Who can I sue for my psoriasis?

    WHy are these lawsuites not just thrown out? Makework for lawyers and judges?

  10. Speed

    Tom Frantz
    Association of Irritated Residents, Save our Shafter
    “People have power when they work together”

    When the 28,000 cow Borba dairies were proposed in Bakersfield and other dairies were proposed even closer to Tom’s home in Shafter, he helped form a group called Save our Shafter to stop the one of the proposed dairies and to educate people about the devastating effects large-scale dairies can have on a community’s health and environment. CRPE represented the organization in a lawsuit against the county and the Vanderham dairy.

    The Center on Race, Poverty & the Environment
    Providing Legal and Technical Assistance to the Grassroots Movement for Environmental Justice
    The Center on Race, Poverty & the Environment is a national environmental justice organization with offices in San Francisco and Delano, California. We provide legal, organizing, and technical assistance to grassroots groups in low-income communities and communities of color fighting environmental hazards.


  11. Excellent work, Speed.

    Ah, the Shafter-Wasco-Delano-McFarland quadrant of northern Kern County. What memories that revives! Rugged individualists. Crackpots. Anarchists. Militiamen. Contrarians. Farmers. But I repeat myself. The Association of Irritated Residents is probably the most fitting name for that group I’ve ever run across. Wish I had that acronym available back in the day. Would have worn it out.

  12. AndrewK

    This reminds me of what happened down here in Australia last year. The left-leaning Labor Govt proposed a Cap&Trade system to reduce CO2 emmisions, the right-leaning Liberal oppostion dutifully opposed leaving the bills passing to the Greens who had (after a couple of independents had sided with the Liberals) the balance of power and they voted it down. A Green eco-party voting against a plan to reduce C02 — because of couse it didn’t go far enough — so we are still arguing about it and are no closer to a reduction plan. Were the Greens really interested in cutting C02 emmisisons or just in excercising power?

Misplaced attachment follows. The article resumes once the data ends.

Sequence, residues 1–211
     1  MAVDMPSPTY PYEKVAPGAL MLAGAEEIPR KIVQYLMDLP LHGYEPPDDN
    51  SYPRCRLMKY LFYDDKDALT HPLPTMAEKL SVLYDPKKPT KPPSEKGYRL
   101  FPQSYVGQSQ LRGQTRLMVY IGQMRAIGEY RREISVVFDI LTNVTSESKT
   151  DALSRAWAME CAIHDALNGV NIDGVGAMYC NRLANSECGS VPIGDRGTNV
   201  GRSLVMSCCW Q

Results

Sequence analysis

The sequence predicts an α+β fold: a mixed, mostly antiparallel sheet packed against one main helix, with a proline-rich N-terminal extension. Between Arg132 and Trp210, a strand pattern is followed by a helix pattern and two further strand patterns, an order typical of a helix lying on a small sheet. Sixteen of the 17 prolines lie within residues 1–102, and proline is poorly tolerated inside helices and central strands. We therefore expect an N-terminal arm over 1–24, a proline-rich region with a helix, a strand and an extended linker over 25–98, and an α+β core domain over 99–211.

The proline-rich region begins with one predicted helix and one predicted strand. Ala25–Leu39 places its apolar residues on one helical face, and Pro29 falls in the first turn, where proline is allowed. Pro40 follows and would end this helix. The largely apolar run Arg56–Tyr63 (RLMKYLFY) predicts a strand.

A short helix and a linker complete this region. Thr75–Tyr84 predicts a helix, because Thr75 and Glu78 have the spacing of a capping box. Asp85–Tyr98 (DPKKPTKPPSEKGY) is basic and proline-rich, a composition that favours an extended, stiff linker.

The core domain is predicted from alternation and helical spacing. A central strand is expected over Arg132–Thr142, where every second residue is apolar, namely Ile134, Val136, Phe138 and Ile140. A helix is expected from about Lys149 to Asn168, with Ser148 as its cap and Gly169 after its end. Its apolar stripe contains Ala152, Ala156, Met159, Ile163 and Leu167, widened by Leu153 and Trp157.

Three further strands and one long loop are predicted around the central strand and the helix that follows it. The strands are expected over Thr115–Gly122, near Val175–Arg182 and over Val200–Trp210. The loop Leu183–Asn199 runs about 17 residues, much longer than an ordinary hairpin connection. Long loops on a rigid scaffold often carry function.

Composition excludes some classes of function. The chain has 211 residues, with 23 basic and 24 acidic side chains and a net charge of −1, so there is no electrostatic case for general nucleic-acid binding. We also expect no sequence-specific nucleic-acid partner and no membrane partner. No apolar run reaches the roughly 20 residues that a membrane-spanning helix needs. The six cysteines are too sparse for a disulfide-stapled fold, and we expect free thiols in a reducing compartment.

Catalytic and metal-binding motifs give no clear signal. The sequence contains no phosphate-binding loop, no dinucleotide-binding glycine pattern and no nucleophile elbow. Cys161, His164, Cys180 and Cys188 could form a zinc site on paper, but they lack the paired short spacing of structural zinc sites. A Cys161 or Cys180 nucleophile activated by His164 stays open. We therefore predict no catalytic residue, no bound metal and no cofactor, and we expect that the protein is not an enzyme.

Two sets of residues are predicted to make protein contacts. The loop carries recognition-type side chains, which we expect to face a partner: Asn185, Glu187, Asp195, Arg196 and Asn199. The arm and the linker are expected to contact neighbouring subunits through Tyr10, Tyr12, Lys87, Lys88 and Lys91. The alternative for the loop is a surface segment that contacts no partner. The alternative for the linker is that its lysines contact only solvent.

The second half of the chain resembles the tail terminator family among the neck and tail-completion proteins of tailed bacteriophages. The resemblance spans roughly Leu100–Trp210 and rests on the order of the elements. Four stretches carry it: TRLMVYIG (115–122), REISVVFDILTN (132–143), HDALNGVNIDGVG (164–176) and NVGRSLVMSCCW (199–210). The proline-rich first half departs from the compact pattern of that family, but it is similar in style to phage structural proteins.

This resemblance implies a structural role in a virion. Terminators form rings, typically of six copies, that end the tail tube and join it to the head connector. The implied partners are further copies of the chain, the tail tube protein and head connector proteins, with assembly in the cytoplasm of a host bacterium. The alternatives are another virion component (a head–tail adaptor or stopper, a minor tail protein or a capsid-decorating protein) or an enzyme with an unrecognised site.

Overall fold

13. AusieDan

    I believe that The Association of Irritated Residents are perfectly logical and correct in their suits against the wicked dairy farmers.

    California will never be able to reduce GLOBAL atmospheric CO2 levels to pre 1990 values unless they ban all cattle and sheep farming from their beautiful state.

    Mind you, and on a completely unrelated subject, I’m nor sure why they want to reduce CO2 levels. Can somebody enlighten me?

    /Sarc switch off now, as they say on WUWT.

  14. AusieDan

    Now I understand.
    Dairy farming is a business!
    Silly me.